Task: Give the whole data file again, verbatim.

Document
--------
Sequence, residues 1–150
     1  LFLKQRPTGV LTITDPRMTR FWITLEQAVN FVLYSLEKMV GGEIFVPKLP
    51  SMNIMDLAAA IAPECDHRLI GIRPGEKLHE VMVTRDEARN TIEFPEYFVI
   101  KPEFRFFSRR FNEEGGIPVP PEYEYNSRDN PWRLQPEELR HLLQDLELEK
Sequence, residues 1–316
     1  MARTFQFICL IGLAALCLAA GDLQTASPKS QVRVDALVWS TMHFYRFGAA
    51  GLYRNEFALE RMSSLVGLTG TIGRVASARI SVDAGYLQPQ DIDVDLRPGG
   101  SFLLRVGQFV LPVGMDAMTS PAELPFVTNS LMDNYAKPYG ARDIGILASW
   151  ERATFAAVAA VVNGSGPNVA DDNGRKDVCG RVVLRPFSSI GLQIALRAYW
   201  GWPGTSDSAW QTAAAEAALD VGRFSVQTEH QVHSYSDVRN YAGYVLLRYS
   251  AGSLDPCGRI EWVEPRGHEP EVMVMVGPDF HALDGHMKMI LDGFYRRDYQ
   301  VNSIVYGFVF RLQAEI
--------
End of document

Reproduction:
Sequence, residues 1–150
     1  LFLKQRPTGV LTITDPRMTR FWITLEQAVN FVLYSLEKMV GGEIFVPKLP
    51  SMNIMDLAAA IAPECDHRLI GIRPGEKLHE VMVTRDEARN TIEFPEYFVI
   101  KPEFRFFSRR FNEEGGIPVP PEYEYNSRDN PWRLQPEELR HLLQDLELEK
Sequence, residues 1–316
     1  MARTFQFICL IGLAALCLAA GDLQTASPKS QVRVDALVWS TMHFYRFGAA
    51  GLYRNEFALE RMSSLVGLTG TIGRVASARI SVDAGYLQPQ DIDVDLRPGG
   101  SFLLRVGQFV LPVGMDAMTS PAELPFVTNS LMDNYAKPYG ARDIGILASW
   151  ERATFAAVAA VVNGSGPNVA DDNGRKDVCG RVVLRPFSSI GLQIALRAYW
   201  GWPGTSDSAW QTAAAEAALD VGRFSVQTEH QVHSYSDVRN YAGYVLLRYS
   251  AGSLDPCGRI EWVEPRGHEP EVMVMVGPDF HALDGHMKMI LDGFYRRDYQ
   301  VNSIVYGFVF RLQAEI